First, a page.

Doctors assume that all hypothyroidism is due to a damaged or diseased thyroid gland shown by a high TSH.    This overlooks the majority of hypothyroid patients because hypothyroidism is  best defined as "inadequate T3 effect in tissue throughout the body".  It is the level of FT3 that determines your thyroid status.  T4 is a prohormone, important only because it is available for conversion to T3.  It is FT3 that creates the metabolic effect throughout your body.  

For any patient diagnosed as hypothyroid, the usual treatment is T4 as needed to return TSH within range.  This does not work well for most patients because the dosage is adjusted based on TSH, not based on symptom relief.   Many patients taking only T4 med  find that for several possible reasons, their body does not adequately convert the T4 to T3.   That is what is happening to you.  Your FT4 is at the top of its range yet your FT3 is only 24% of its range.   A further increase in T4 dosage would be counterproductive.  You don't want FT4 that high in the range.  You would be much better off dropping your T4 dosage and adding some T3 med to raise your FT3 adequate to relieve your hypothyroid symptoms.  

Along with that you need Vitamin D at least 50 ng/ml. B12 in the upper part of its range, and ferritin at least  100.  You can confirm all this by reading my paper in the following link.  It provides all the supporting scientific evidence needed.  You might consider giving your doctor a copy and asking to be treated clinically, which means adjusting FT4 and fT3 as needed to relieve hypothyroid symptoms.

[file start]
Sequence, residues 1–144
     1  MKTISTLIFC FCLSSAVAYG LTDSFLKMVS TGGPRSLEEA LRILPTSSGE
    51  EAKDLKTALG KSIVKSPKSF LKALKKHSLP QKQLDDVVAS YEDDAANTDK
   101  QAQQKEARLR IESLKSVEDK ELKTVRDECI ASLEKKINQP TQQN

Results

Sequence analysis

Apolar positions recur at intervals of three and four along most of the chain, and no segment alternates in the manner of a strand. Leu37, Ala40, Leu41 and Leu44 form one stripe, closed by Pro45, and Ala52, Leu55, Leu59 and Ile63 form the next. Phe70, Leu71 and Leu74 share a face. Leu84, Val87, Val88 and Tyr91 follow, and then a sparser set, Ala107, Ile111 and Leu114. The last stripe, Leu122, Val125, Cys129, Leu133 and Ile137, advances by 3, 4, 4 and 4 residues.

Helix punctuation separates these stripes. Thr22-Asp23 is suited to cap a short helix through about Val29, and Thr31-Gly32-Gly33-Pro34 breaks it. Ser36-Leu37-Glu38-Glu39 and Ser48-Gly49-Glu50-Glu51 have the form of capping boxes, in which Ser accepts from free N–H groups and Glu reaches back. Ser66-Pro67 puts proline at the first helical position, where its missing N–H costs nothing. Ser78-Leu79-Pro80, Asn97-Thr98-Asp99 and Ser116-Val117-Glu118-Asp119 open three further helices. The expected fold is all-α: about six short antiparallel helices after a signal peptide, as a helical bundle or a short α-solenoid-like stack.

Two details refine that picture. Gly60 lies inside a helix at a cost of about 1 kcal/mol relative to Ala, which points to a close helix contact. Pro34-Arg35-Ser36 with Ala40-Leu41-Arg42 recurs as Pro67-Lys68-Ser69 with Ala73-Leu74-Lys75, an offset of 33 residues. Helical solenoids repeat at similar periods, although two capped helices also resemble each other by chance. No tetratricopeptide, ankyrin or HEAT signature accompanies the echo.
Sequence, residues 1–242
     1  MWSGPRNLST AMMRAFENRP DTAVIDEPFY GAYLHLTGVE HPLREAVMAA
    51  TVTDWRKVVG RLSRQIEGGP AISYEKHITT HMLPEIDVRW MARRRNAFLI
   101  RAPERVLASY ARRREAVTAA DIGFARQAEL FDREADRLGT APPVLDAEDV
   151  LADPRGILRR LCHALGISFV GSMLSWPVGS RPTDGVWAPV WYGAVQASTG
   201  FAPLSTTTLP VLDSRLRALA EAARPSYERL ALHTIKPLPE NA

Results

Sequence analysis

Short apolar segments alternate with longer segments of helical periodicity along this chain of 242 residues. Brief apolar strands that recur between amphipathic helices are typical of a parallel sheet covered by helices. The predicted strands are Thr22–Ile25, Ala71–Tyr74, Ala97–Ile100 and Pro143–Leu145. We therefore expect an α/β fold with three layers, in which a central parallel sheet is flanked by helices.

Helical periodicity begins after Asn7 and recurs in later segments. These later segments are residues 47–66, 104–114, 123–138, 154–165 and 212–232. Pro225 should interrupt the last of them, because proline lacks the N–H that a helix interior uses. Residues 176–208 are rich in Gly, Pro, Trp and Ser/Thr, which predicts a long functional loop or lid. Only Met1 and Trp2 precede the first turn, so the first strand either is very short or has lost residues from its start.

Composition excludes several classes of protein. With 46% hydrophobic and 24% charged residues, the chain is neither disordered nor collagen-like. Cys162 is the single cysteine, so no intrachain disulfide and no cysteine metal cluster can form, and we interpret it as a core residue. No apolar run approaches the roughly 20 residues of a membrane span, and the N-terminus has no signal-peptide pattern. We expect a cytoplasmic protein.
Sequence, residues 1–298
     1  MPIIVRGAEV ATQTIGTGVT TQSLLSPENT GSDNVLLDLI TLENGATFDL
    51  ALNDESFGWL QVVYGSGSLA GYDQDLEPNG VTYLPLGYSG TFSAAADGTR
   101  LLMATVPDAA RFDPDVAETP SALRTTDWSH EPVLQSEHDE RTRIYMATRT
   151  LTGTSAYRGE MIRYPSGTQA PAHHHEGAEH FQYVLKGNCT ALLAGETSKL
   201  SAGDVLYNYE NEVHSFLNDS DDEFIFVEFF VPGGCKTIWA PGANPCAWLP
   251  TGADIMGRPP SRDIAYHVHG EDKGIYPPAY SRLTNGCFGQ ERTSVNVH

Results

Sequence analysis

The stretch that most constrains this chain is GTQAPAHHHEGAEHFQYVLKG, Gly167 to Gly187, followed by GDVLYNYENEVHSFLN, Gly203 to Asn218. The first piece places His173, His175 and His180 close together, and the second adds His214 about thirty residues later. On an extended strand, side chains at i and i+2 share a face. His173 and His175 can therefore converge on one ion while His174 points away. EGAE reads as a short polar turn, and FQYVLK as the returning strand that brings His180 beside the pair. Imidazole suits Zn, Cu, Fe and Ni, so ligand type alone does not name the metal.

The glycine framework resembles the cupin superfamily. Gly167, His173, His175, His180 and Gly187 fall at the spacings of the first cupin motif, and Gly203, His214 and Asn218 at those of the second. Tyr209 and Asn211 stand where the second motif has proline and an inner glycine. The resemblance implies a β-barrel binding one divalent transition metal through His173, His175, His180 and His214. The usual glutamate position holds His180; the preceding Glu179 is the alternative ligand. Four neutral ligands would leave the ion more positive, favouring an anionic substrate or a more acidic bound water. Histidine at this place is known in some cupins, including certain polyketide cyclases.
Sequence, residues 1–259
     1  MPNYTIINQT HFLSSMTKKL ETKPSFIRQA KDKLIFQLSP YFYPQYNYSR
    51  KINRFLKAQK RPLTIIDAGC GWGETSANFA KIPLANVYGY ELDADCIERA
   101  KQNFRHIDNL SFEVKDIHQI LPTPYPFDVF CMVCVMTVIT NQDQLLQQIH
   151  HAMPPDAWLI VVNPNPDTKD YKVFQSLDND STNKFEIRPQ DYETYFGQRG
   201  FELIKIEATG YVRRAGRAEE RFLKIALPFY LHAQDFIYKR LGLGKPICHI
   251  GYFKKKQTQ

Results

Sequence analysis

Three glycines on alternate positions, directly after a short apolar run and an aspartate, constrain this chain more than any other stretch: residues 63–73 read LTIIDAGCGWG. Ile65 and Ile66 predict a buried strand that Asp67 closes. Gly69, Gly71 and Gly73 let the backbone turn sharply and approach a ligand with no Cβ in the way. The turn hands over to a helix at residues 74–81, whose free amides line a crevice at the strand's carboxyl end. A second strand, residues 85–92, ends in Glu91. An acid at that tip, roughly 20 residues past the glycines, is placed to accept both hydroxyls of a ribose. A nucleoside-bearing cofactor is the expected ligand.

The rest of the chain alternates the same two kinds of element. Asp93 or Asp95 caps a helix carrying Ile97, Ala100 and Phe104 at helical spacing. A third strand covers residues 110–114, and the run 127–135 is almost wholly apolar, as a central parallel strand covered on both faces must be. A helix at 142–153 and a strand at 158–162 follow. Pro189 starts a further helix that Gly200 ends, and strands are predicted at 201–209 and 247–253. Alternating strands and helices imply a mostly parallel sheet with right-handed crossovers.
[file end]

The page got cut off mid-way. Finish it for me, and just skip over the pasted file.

https://thyroiduk.org/further-reading/managing-the-total-thyroid-process/
Helpful - 0
1 Comments
Yes, what I am looking for is a starting place  of how much to lower t4 and how much and what kind of t3  to add..

I am up to my 5th Dr here.. An endocrinologist who just explained to me that he only tests tsh as it is all that matters and doesn't bother treating tsh unless the tsh is over 10..scale maxes at 4.8.... He did suggest I up my t4 to 150 every day.. I agreed to go to the 144....

So I went back to my previous dr and asked for the ft3 ft4... She ran them ....they all talk a good story and say how wonderful each other is.. Unfortunately patients are still left wanting... I thought if I could figure out a starting place to ask for on the t3 she may just do it.. I realize it will likely take adjustments...
Thanks again,
Avatar universal
Before further discussion, what thyroid med and dosage are you taking?

Since you don't seem to absorb D3, would your doctor consider Injections as needed to get your D up to 50, where it should be?

Have you been tested for B12 and ferritin?
Helpful - 0
2 Comments
In July I was a year on 137(4x week) + 150(3x week) averaging 142
I am now 8 weeks on 137 (3xweek) + 150 (4x week) averaging 144

Taking Synthroid first thing in morning (5:00a.m.) with full glass of water and not eating anything till 3-4 hours later
Thanks
Oh and yes, ferritin and b12 tested...  Will have to find results